China is pushing its soft power agenda with an aim to quash debate on the issue of Tibet, where self-immolation protests will continue until Beijing ends its policy of state-sanctioned discrimination in the region, a Tibetan advocacy group said Wednesday.

Many Indian analysts accept their country is unlikely to make good the economic and developmental gulf that separates the two regional rivals, but say that India's "soft power" and "cultural influence" is an advantage.

Mr Gianfranco Fattorini, a representative of PEC quoted the Chief of the Chinese Communist Party in Tibet who affirmed that "Mobile phones, Internet and other measures for the management of new media need to be fully implemented to maintain the public's interests and national security."

December 17, 2011

After the Dalai Lama fled Chinese-controlled Tibet to India in 1959, several key monks of Tibet have followed suit. “The presence of all the religious heads of Tibet on Indian soil gives India a kind of power that China cannot match... India hosts the emotional and cultural core of a vast part of Chinese territory,” said Tsering Phuntsok of Norbulingka Institute for preservation of Tibetan culture.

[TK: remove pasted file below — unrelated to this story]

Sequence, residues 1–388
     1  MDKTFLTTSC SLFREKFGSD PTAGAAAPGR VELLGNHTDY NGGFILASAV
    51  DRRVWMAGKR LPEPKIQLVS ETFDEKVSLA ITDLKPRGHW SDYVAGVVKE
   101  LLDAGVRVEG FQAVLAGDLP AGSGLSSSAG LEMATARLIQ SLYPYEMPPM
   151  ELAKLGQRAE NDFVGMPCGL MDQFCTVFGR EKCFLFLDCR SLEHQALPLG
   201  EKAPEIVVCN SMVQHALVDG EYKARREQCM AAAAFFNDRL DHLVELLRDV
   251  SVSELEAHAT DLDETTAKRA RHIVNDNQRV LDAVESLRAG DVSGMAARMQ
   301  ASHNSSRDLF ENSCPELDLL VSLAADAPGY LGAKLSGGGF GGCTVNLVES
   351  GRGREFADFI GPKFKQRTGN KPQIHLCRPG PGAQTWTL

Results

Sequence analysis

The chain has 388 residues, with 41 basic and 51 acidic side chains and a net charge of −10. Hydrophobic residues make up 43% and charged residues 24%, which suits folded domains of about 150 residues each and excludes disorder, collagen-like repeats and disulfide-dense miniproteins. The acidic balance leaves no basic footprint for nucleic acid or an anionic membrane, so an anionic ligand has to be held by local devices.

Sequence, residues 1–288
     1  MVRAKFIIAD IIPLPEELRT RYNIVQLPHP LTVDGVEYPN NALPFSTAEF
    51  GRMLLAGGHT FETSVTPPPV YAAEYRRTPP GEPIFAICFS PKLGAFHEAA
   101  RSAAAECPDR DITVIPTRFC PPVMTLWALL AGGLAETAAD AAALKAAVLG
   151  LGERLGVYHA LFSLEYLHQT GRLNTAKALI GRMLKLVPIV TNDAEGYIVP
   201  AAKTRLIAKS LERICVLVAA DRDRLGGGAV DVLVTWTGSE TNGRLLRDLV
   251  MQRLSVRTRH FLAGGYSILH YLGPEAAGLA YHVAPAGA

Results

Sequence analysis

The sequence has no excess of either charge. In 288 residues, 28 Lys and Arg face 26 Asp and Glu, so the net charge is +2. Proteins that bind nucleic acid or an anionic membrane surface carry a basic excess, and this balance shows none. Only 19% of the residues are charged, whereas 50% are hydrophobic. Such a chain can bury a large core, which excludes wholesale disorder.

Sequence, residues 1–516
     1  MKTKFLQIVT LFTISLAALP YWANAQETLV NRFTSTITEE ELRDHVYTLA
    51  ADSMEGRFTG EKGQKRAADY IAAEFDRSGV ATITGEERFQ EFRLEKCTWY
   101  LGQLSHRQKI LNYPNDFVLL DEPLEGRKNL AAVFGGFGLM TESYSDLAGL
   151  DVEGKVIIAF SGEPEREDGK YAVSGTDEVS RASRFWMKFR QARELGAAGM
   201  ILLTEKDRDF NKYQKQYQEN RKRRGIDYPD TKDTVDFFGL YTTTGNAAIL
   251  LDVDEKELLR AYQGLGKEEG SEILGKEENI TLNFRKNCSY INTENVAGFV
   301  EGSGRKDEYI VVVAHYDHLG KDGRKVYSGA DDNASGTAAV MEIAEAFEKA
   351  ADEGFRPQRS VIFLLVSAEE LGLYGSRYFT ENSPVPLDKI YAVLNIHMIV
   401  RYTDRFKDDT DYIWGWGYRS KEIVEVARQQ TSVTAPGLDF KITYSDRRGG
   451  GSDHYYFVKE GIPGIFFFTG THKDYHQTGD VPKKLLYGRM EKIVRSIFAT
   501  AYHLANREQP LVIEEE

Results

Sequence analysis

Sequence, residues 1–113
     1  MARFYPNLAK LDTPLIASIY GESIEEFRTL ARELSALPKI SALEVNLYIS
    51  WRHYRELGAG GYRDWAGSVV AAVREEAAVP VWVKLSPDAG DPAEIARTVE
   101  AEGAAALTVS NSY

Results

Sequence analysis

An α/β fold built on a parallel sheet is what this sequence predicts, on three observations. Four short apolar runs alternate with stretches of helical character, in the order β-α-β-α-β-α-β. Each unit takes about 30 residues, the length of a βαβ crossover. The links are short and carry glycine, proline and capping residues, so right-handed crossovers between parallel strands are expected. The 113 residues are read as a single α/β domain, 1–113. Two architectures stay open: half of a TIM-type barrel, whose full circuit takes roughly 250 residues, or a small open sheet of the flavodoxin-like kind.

November 10, 2011

It is not difficult to understand why everybody keeps mum about the tragic events happening in Tibet...Today’s China seems to have a different definition of ‘culture’ or ‘religion’ than the rest of the world. In an official Chinese publication...

China is expanding its presence on U.S. campuses, seeking to promote its culture and history and meet a growing global demand to learn its language.

An American-funded clinic to train birthing assistants is saving lives in one of China’s most isolated regions. The Surmang Foundation’s clinic, set in a Buddhist monastery, is also pioneering a system of rural health care for the ultrapoor that some experts say could be a model for the rest of the country.